Who is eligible to make a claim?

There is a certain eligibility criteria that you have to meet to be able to make a claim.

You need to have been getting Universal Credit, Employment and Support Allowance, Income Support, Jobseeker’s Allowance or State Pension Credit for at least six months or more.

This must be the case to claim the extra money, unless you need it to help start in a new job or to stay in work.

You must have earned less than £2,600 in the last six months, or less than £3,600 between you if you’re in a couple.

Plus you have to have paid off any previous versions of the Budgeting Advance in order to be eligible for a new amount of cash.

How much can I get?

How much you can get depends on whether you can pay the loan back and whether you have any savings over £1,000.

Your first £1,000 of savings will be ignored, but the loan amount you are offered will be reduced by £1 for every £1 you have over that first £1,000.

It also depends on your circumstances, such as how may children you have.

  • The lowest amount you can get is £100.
  • The full maximum you can get is £812, but that’s only if you are a couple with children.
  • If you are a couple with no children then it’s a maximum of £464.
  • The most you can get is £348 if you’re single with no children.

How do I claim the payment?

To claim the payment, you’ll need to sign into your Universal Credit account online and write to your workcoach to ask for one in your journal.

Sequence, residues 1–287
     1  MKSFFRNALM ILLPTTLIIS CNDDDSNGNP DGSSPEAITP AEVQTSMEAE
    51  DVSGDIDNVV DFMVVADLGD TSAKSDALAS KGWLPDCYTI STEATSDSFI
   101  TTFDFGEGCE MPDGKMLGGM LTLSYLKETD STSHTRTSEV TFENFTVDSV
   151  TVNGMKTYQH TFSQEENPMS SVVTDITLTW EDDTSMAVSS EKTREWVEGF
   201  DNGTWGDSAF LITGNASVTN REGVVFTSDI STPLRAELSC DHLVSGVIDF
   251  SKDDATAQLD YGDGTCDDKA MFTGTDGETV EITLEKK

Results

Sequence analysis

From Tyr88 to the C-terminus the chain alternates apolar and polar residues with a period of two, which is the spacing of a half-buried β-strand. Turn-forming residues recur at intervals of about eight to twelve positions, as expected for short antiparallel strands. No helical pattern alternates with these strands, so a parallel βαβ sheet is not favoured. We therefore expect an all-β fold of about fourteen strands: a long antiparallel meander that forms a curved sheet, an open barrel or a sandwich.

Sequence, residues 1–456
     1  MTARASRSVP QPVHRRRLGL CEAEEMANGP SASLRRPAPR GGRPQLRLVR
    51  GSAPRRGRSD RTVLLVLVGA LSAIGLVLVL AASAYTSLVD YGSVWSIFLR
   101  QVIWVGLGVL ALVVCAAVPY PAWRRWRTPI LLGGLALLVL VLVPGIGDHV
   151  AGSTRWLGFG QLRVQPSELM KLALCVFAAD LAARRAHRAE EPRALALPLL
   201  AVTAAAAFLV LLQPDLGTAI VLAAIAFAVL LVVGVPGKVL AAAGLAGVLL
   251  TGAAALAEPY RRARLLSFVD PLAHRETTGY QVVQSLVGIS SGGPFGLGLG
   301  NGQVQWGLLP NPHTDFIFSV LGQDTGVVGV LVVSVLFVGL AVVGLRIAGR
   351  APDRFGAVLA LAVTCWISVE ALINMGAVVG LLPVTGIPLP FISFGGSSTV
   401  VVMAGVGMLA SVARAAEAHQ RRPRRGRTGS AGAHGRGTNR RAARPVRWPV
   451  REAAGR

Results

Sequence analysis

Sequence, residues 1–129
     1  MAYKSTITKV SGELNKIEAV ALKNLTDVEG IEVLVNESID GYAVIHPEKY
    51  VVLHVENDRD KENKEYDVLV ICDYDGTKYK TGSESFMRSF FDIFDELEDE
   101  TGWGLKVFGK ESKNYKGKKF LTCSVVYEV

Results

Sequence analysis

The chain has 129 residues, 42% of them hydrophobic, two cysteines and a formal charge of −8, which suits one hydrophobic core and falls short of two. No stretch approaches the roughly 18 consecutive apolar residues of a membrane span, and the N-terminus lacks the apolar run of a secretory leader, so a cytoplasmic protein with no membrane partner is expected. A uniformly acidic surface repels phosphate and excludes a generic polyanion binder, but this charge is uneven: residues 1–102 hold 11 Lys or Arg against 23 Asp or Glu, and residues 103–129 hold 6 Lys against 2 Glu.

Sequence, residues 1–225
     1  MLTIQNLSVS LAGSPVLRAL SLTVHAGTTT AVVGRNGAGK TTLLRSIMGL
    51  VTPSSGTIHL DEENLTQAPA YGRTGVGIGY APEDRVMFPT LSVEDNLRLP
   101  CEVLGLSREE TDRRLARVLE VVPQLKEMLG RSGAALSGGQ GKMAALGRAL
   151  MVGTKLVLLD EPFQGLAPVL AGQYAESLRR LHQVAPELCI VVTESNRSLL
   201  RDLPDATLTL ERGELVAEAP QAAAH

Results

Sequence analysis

Your workcoach will then be able to let you know if you qualify for the help and if so, how much you’re entitled to.

You can also give the Universal Credit helpline a ring on 0800 328 5644 to be talked through the process and apply.

The phone lines are open Monday to Friday, 8am to 6pm, and you’ll normally get a decision on the same day.

Before receiving the loan, you’ll be assessed on your ability to pay it back. To do this, the DWP will take a look at any other outstanding debts you have.

People making an advance application are usually told of the outcome on the same day.

Do I have to pay it back?

As the payment is a loan, you will need to pay it back. This must be done within 12 months of receiving it.

The repayments are automatically deducted from your Universal Credit payments from the first month after you took out the loan.

You can work out how much will be deducted from your payment every month by dividing the full cost of the loan by 12.

So if you borrowed the full £812 you will see roughly £68 taken off your Universal Credit payment every month.

If you stop getting Universal Credit, you’ll need to arrange an alternative way of paying it back.

If you move from Universal Credit to another benefit though, the repayments will continue but from this new method of income instead, and it won’t end until the advance is fully paid off.

According to Citizen’s Advice, the rules on childcare under Universal Credit are unfair and makes it harder for Brits to find work.

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The system isn’t without its flaws, as millions have been locked out of their Universal Credit journals before due to a mass internet outage.

Plus there are six things you’ll want to be aware of that could have your benefits stopped – we explain how long that cut-off could last for as well.